Urdu Daily: Chinese Military Taking Over Gilgit Baltistan

Urdu Daily: Chinese Military Taking Over Gilgit Baltistan

11 February 2012
Middle East Media Research Institute
Tufail Ahmad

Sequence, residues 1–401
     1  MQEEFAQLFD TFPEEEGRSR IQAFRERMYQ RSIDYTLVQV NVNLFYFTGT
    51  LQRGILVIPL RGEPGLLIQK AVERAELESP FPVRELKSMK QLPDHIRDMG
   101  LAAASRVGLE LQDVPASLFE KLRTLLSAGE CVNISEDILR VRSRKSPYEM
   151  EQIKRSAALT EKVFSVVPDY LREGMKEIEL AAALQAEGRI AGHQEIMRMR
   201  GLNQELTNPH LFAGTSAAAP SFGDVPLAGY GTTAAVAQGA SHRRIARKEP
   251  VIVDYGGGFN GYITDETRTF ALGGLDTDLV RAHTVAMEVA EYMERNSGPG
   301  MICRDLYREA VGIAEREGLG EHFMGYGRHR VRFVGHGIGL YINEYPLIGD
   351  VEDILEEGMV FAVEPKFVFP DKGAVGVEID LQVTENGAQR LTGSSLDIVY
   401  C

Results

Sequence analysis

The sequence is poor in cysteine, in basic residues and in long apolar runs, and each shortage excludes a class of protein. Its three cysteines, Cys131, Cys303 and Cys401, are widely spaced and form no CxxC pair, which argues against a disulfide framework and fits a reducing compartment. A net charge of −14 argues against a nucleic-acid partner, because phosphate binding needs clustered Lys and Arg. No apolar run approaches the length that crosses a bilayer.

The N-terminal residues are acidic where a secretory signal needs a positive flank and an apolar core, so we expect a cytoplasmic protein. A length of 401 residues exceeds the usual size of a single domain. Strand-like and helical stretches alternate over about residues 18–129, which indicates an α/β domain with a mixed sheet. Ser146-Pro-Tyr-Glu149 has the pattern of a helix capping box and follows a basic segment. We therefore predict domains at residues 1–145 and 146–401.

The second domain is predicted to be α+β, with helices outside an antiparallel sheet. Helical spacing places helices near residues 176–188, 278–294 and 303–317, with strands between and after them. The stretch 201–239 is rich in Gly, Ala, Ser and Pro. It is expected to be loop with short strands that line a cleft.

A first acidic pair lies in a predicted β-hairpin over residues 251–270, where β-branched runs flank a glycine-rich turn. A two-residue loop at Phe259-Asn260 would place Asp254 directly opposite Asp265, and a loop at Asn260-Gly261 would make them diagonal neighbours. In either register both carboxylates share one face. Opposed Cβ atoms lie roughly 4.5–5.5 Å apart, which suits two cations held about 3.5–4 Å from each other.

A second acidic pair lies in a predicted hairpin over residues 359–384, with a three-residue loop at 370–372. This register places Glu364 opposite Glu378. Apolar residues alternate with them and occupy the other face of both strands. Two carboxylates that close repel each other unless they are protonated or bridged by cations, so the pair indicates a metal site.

Washington DC: According to a report published by an Urdu-language newspaper, Pakistan is considering a proposal to lease the strategic region of Gilgit Baltistan to China. The Pakistani move is aimed at fortifying its strategic relations with China amid the irreparable rupture in U.S.-Pakistan relations over the past year. Gilgit Baltistan, previously known as the Northern Areas, shares the international border with China. Like Pakistani-occupied Kashmir, Gilgit Baltistan – which had been part of the princely state of Jammu & Kashmir during the British rule – is not formally part of Pakistan and is not under the jurisdiction of Pakistani constitution. There are no representatives from Gilgit Baltistan in the Pakistani parliament or federal government institutions. The report – titled 'Pakistan's Deteriorating Situation, Strained Relations with America: Deliberation on Leasing Gilgit Baltistan to China for 50 years' – was published in the Urdu-language daily Roznama Bang-e-Sahar, a newspaper distributed in Gilgit Baltistan on December 13, 2011, less than three weeks after the November 26, 2011 NATO raid on a Pakistani border post that killed 24 Pakistani soldiers. It should be noted here that the May 2, 2011 Abbottabad operation, in which the U.S. killed Al-Qaeda leader Osama bin Laden, was seen in Pakistan as violation of its sovereignty. Following the unilateral U.S. raid, Pakistani government and military leaders are implementing a series of economic and military policies to bolster Pakistan's strategic relationship with China. Roznama Bang-e-Sahar: 'Deliberations have Begun [on a Proposal] to Hand Over Gilgit Baltistan to China on a 50-Year Lease; In the Next Stage, China … [Will] Deploy Its Troops There' The Roznama Bang-e-Sahar report stated: 'In the backdrop of the deteriorating situation in Pakistan and strained relations with America, deliberations have begun [on a proposal] to hand over Gilgit Baltistan to China on a 50-year lease. A Chinese think tank has also given the green light for this move.'[1] The report, which originated with an Islamabad dateline, surmised that international powers – i.e. the U.S. and allies – want to foment terror attacks in Gilgit Baltistan in order to watch China by sending a counter-terrorism force there. It stated: 'According to extremely reliable sources, amid the growing conflict in the Pakistani tribal areas, NATO forces' operations, and the conflict in relations with America, international powers are planning to turn Gilgit Baltistan into a base of terrorism in order to keep an eye on China [possibly by being present in Gilgit Baltistan on the pretext of carrying out anti-terror operations].'[2] The Urdu daily added: 'Smelling the [emerging] situation and in order to protect Gilgit Baltistan from international conspiracies, the think tanks of China and Pakistan have begun discussions to hand over this region to the control of China on lease. In the first stage of this plan, China will formulate a strategy for development projects and in the name of working on them will gradually take over the control of this region. In the next stage, China will take over Gilgit Baltistan under its total control for 50 years and deploy its troops there.'[3] The Roznama Bang-e-Sahar report acquires importance in view of the five-day visit of China by Pakistan Army Chief General Ashfaq Kayani on January 4-8, 2012. During a meeting with Chinese Prime Minister Wen Jiabao in Beijing, General Kayani said that development of China-Pakistan strategic partnership is the 'cornerstone of the two countries' policies.'[4] In his remarks, the Chinese premier said that 'the Chinese government and the PLA [People's Liberation Army] would continue to strengthen defense cooperation between the two countries and more frequent military to military exchanges.'[5] Kashmiri Researcher on Chinese Troops in Gilgit Baltistan: 'There is a Big Chinese Presence in Gilgit Baltistan; Apparently They are Involved in the Construction of Many Mega Projects, But the Presence of the Chinese Army and Their Designs to Take Control of This Region is Worrying' Map courtesy: drshabirchoudhry.blogspot.com The report about the move to hand over Gilgit Baltistan to China comes amid earlier reports that Chinese soldiers are already present in Gilgit Baltistan. In August 2010, a report in The New York Times revealed the presence of 'an estimated 7,000 to 11,000 soldiers of the People’s Liberation Army' in Gilgit Baltistan.[6] Indian Army generals have also warned in recent months that the Chinese troops are present not only in Gilgit Baltistan but also inside the Pakistani-occupied Kashmir, which is known as Azad (free) Jammu & Kashmir. In April 2011, Lt.-Gen. K. T. Parnaik of Indian Army warned that the Chinese troops are not only stationed in Gilgit Baltistan but they are also present inside Pakistani Kashmir along the Line of Control (LoC) which divides Jammu & Kashmir between India and Pakistan. Speaking at a seminar, Lt.-Gen. Parnaik stated: 'We hear many people today who are concerned about the complicity of the Chinese if there were to be hostilities between India and Pakistan. Not only because they are in the neighborhood but the fact that they are actually stationed and present on the LoC.'[7] In October 2011, Indian Army Chief General V. K. Singh warned that 4,000 Chinese troops are present in Pakistani Kashmir, stating: 'There are certain construction working teams, a large number is available. Around 3,000 to 4,000 of these people are present including certain people for security purposes. There are certain engineer troops.'[8] The report in The New York Times regarding the presence of Chinese troops in Gilgit Baltistan was also confirmed by Kashmiri researcher and author Dr. Shabir Choudhry, who led a team of researchers to Gilgit Baltistan in October 2010. Following his research in Gilgit Baltistan and Pakistani Kashmir, Dr. Shabir Choudhry delivered a series of lectures in the UK, addressing the implications of China's increasing presence in Gilgit Baltistan and Pakistani Kashmir, and warning of the likelihood that the region could emerge as a battleground for military confrontation between China and Pakistan on one side and India and the United States on the other. Following are excerpts from his two lectures:[9] 'Some people … claim that only Indian-administered Kashmir is disputed. In our view that is a distortion of the facts, as the Kashmir dispute is political in nature, and the entire State of Jammu & Kashmir, which includes Jammu, Valley, Laddakh, Azad Kashmir, and Gilgit Baltistan is disputed. 'Hitherto there were only three parties to the Kashmir dispute, namely the people of Jammu & Kashmir, Pakistan, and India. Over the recent past some quarters are working hard to make the Republic of China a party to the dispute. To me this is a very dangerous move which will complicate the dispute further, and could prove to be disastrous for the region, especially for areas of Gilgit Baltistan and northern parts of Pakistan…. 'The Sino-India war of 1962 resulted in Chinese occupation of Kashmiri territory of Aksai Chin. This war brought Pakistan and China closer to each other; and to strengthen that friendship, Pakistan gave away around 2200 sq. miles of Jammu & Kashmir territory from Gilgit Baltistan to China.…' 'China wants to ensure that they have a greater say in the matters of Gilgit Baltistan, and even in matters of Pakistan. They want to ensure that they not only have access but control of the route to Gwadar [the Chinese-built port on Baluchistan cost], where they have invested billions of dollars. 'There is a big Chinese presence in Gilgit Baltistan. Apparently they are involved in the construction of many mega projects, but the presence of the Chinese army and their designs to take control of this region is worrying to many. Not only are they opening Chinese banks there and building infrastructure by investing billions of dollars, they are secretly and assertively taking control of the region. When we visited the region… [in October 2010] we saw many Chinese there, which included army men. In the past, they used to come for development work, and lived in temporary shelters, and went back after completing their tasks; but now they are here to stay and have built concrete accommodations….' Pakistani Daily: 'Pakistan Wants China to Build a Naval Base at… Gwadar in Baluchistan; Beijing is More Interested in Setting Up Military Bases Either in FATA [Federally Administered Tribal Areas] or the Northern Areas [Gilgit Baltistan]' In October 2011, renowned Pakistani journalist and author Amir Mir revealed that Pakistan wants China to build a naval base in the Pakistani coastal town of Gwadar but the Chinese are more interested in building military bases in Pakistan's northern areas, which include Gilgit Baltistan. The apparent reason for setting up Chinese military bases in Pakistan's northern areas is ostensibly meant to counter anti-China militants, but these moves are part of long-term Chinese strategic moves to undercut the U.S. and Indian influence in the region. Excerpts from Amir Mir's report, which was published in The News, a leading Pakistan newspaper, are given below:[10] 'While Pakistan wants China to build a naval base at its southwestern seaport of Gwadar in Baluchistan, Beijing is more interested in setting up military bases either in FATA [Federally Administered Tribal Areas] or the Northern Areas [Gilgit Baltistan], which are closer to the troubled Chinese province of Xinjiang. 'According to well-informed diplomatic circles in Islamabad, the Chinese desire is meant to contain the growing terrorist activities of the Chinese rebels belonging to the Al-Qaeda-linked East Turkestan Islamic Movement (ETIM). The Chinese Muslim rebels want the creation of an independent Islamic state and are allegedly being trained in the tribal areas of Pakistan. 'Beijing's wish for a military presence in Pakistan was discussed at length by the political and military leadership of both the countries in recent months, as China has become ever more concerned about the Pakistani tribal areas as a haven for radicals. 'Beijing believes that similar to the American military presence in Pakistan, a Chinese presence would enable its military to effectively counter the Muslim separatists who have been operating from the tribal areas of Pakistan for almost a decade and carrying out cross-border terrorist activities in the trouble-stricken Xinjiang Province….' China, Pakistan to Unveil Plan for Joint Military Management of Gilgit Baltistan in June 2012 The Pakistani and Chinese militaries are moving in the direction of a joint military management of Gilgit Baltistan. The two militaries will cooperate under a specific plan designated by Pakistan as the Pak-China Strategic Program for Gilgit Baltistan. As part of this plan, officials from Pakistan's Northern Light Infantry (NLI) and People's Liberation Army (PLA) of China would 'undergo joint trainings and exchange of expertise.'[11] According to a Pakistani newspaper, the Pak-China Strategic Program for Gilgit Baltistan will come into force in June 2012.[12] The decision to launch the Pak-China Strategic Program for Gilgit Baltistan was probably taken during Pakistan Army Chief General Ashfaq Kayani's visit to China in January 2012. After his return from China, General Kayani chaired a meeting of Corps Commanders' Conference and Principal Staff Officers (PSOs) of the military at the General Headquarters (GHQ) of Pakistan Army in Rawalpindi on January 12, 2012. The officers discussed various issues, including the fears of military coup in Pakistan as expressed by the Pakistani civilian leaders. However, according to a report in The Nation daily, 'The military brass was purportedly unanimous in deciding not to restart military cooperation with the U.S. unless new terms of engagement came into force and to 'strongly' recommending to the government not to resume NATO … supplies [through Pakistan]. In this context, General Kayani purportedly briefed the Corp Commanders and PSOs about his recent visit to China. The army chief was said to have discussed new proposed defense pacts on border liaison and surveillance with China….'[13] Mindful of the Disputed Nature of Gilgit Baltistan, China Asks Pakistani Officials to Clarify the International Political Status of Gilgit Baltistan A copy of the November 18, 2011 report in Roznama Bang-e-Sahar China is aware that Gilgit Baltistan is disputed politically and diplomatically and Pakistan's sovereignty does not extend to this region. The Pakistani constitution and the Supreme Court of Pakistan, or other federal government institutions, do not have jurisdiction in Gilgit Baltistan, a strategic region through which China intends to establish trading routes to Iran and the Middle Eastern countries. Gilgit Baltistan was an ethnically different part of the princely state of Jammu & Kashmir, which was ruled by a Hindu king during the British colonial era. However, after the British left India in 1947, Jammu & Kashmir has been divided by a Line of Control (LoC) between India and Pakistan. India claims the entire Jammu & Kashmir state, including Gilgit Baltistan, as its integral part but has avoided a serious claim to the control of the region. This is mainly because India has been confronted by Pakistan-sponsored militancy in its part of Kashmir. Aware of the fact that China's growing military presence in Gilgit Baltistan will trigger international concern in coming months, the Chinese government has asked the government of Pakistan it clarify the Pakistani position on Gilgit Baltistan at international forums, according to a report in the Roznama Bang-e-Sahar. In a report dated November 18, 2011, the Urdu daily observed: 'It has been learnt through various political circles in Gilgit Baltistan that the neighboring nation People's Republic of China has started taking deep interest in the current political situation in Gilgit. The Chinese officials have asked the senior officials [of Pakistan] that they clarify the political situation [i.e. diplomatic international status] of Gilgit Baltistan. 'Under the current status, China faces serious difficulties in working on different development projects in various areas of Gilgit Baltistan. China has been already working on an expansion plan of the Karakorum Highway. In addition, a contract has been awarded to China to restore the Karakorum Highway…. China already had reservations about the unclear political situation of Gilgit Baltistan…'[14] In December 2011, the editors of Roznama Bang-e-Sahar wrote an editorial, expressing concern over the Pakistani plan to hand over Gilgit Baltistan to China. The editorial, titled 'The Plan to Hand Over Gilgit Baltistan to China,' observed:[15] 'In order to stop the increasing lawlessness in the [Pakistani] tribal region [along the border with Afghanistan] and [to stop] the aggressive and expansionist objectives of the United States and NATO from materializing under the cover of the international forces, the government of China and the Pakistani government have decided to accept… the proposal jointly sent from their think tanks [to lease Gilgit Baltistan to China for 50 years]. Initially, China will cement its footprint in the region through its civil workers and engineers under the cover of various development projects. And it will create the justification for its presence under the name of reconstruction and development and restoration of basic infrastructure. 'And by gradually increasing its strategic supplies, Chinese troops will be sent to the region to protect their engineers and installations under constructions. And ultimately, as per the plan, the Chinese troops will have the reason for their presence in the region for a long period.... The basic objective behind deploying the Chinese troops is to stop, repel, and fight any kind of strategic aggression by India at the behest and instigation of the United States and NATO….' 'If the report [regarding leasing Gilgit Baltistan to China] is true…, then it will not be wrong to think that the people of Gilgit Baltistan will probably not get geographical and political independence for next several hundred years; and their freedom and political rights will remain limited to dreams….' * Tufail Ahmad is Director of MEMRI's South Asia Studies Project (www.memri.org-sasp) Endnotes: [1] Roznama Bang-e-Sahar (Pakistan), December 13, 2011. [2] Roznama Bang-e-Sahar (Pakistan), December 13, 2011. [3] Roznama Bang-e-Sahar (Pakistan), December 13, 2011. [4] www.dawn.com (Pakistan), January 6, 2012. All reports quoted in this dispatch were lightly edited for clarity. [5] www.dawn.com (Pakistan), January 6, 2012. [6] www.nytimes.com (U.S.), August 26, 2010. [7] www.timesofindia.com (India), April 6, 2011. [8] www.timesofindia.com (India), October 5, 2011. [9] See MEMRI Special Dispatch Series Report No. 3772, 'Kashmiri Writer Examines the Strategic Implications of China's Military Presence in Kashmir Region', April 19, 2011. http:-www.memri.org-report-en-0-0-0-0-0-0-5212.htm [10] The News (Pakistan), October 26, 2011. [11] The Nation (Pakistan), January 13, 2012. [12] The Nation (Pakistan), January 13, 2012. [13] The Nation (Pakistan), January 13, 2012. [14] Roznama Bang-e-Sahar (Pakistan), November 18, 2011. [15] Roznama Bang-e-Sahar (Pakistan), December 14, 2011.